The U.S. dollar rose over 1pc against the yen and global equity markets rallied on Friday, pushed higher by an American labour report showing stronger jobs growth in April than expected, data that lifted U.S. stocks to a new record high.
U.S. nonfarm payrolls rose 165,000 last month and the jobless rate fell to a four-year low of 7.5pc, the Labour Department said. Economists expected payrolls to rise 145,000 and the unemployment rate to hold steady at 7.6 percent.
Wall Street stocks surged at the open and European shares rallied more than 1pc percent on news of the resilient U.S. labour market. The drop in the U.S. jobless rate reflected a gain in employment, rather than people leaving the workforce.
The benchmark S&P 500 stock index broke through the 1,600 mark for the first time, and the Dow was less than 50 points from surpassing the 15,000 mark as both indices set record highs.
Crude oil, copper and other commodities' prices also rallied, while government debt slumped on the data.
"The employment number was definitely the trigger for today's rally," said Michael Korn, president at Skokie Energy in Princeton, New Jersey.
The Dow Jones industrial average was up 134.81 points, or 0.91pc, at 14,966.39. The Standard & Poor's 500 Index .SPX was up 16.01 points, or 1pc, at 1,613.60. The Nasdaq Composite Index .IXIC was up 34.74 points, or 1pc, at 3,375.37.
In Europe, the FTSEurofirst 300 .FTEU3 of leading shares rose 1.13pc to 1,220.16, while MSCI's all-country world equity index .rose 0.83pc to 371.0.
The dollar rose 1.2pc to 99.15 yen, on pace for its biggest one-day rise in two weeks, while the euro rebounded a day after President Mario Draghi of the European Central Bank said it was technically ready for negative deposit rates.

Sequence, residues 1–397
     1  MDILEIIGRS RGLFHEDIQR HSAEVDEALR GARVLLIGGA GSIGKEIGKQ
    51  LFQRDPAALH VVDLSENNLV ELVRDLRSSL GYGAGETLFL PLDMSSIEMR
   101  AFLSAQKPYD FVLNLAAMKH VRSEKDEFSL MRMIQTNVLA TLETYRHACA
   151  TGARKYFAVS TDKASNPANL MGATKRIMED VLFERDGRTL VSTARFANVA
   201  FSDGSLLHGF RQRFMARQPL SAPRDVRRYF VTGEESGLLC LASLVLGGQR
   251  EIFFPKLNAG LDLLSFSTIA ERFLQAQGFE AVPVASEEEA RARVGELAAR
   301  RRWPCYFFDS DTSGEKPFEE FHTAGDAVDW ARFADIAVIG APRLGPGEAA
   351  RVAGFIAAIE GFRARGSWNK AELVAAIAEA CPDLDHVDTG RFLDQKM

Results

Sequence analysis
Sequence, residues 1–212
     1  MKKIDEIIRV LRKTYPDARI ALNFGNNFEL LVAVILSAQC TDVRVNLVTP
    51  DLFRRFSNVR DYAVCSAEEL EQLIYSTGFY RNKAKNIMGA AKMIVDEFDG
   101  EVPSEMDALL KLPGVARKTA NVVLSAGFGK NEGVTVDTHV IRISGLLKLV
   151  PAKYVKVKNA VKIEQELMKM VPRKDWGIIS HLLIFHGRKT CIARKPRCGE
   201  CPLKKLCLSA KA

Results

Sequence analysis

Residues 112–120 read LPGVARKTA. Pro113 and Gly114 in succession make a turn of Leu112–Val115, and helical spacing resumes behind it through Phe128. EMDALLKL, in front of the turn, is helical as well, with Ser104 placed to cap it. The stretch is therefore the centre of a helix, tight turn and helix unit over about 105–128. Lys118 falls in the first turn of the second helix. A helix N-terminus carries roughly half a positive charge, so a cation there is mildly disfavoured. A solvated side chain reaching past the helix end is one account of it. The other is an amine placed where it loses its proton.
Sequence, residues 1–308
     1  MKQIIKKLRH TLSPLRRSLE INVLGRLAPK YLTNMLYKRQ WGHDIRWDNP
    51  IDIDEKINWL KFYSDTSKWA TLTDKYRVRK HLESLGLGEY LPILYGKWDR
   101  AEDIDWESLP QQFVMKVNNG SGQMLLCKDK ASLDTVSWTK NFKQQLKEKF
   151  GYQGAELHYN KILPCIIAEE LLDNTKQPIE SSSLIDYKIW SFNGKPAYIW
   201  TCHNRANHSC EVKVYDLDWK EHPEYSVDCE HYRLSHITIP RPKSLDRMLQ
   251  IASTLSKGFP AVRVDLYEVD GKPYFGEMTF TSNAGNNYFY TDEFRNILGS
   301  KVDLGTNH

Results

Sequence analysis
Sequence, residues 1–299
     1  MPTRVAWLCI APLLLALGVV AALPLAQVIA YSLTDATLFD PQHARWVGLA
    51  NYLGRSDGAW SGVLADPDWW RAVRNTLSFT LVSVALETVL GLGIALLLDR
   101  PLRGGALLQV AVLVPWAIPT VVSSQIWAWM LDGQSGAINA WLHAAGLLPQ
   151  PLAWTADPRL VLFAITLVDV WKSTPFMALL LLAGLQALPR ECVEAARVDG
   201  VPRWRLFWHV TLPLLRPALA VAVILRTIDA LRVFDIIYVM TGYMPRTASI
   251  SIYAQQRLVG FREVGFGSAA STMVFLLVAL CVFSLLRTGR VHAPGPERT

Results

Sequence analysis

The euro was up 0.44pc to 1.3121.
German Bund futures fell to a session low of 146.20, down 96 ticks on the day.
The benchmark 10-year U.S. Treasury note was down 25/32 in price to yield 1.7pc.
Brent crude was up $1.02 at $103.87 a barrel, while U.S. crude gained 93 cents to $94.92 a barrel.
"The idea that the employment is holding as well as it is in the face of the fiscal headwinds the economy is currently enduring is a very positive sign of the economy's underlying fundamental improvements," said Russell Price, a senior economist at Ameriprise Financial Services.
The better jobs data comes just a month after the Bank of Japan promised to inject about $1.4 trillion into its economy to spur growth and end decades of deflation.
By increasing liquidity, three of the world's major central banks have fueled a rally in share and bond markets that has driven many benchmark indexes back up to levels last seen before the financial crisis began.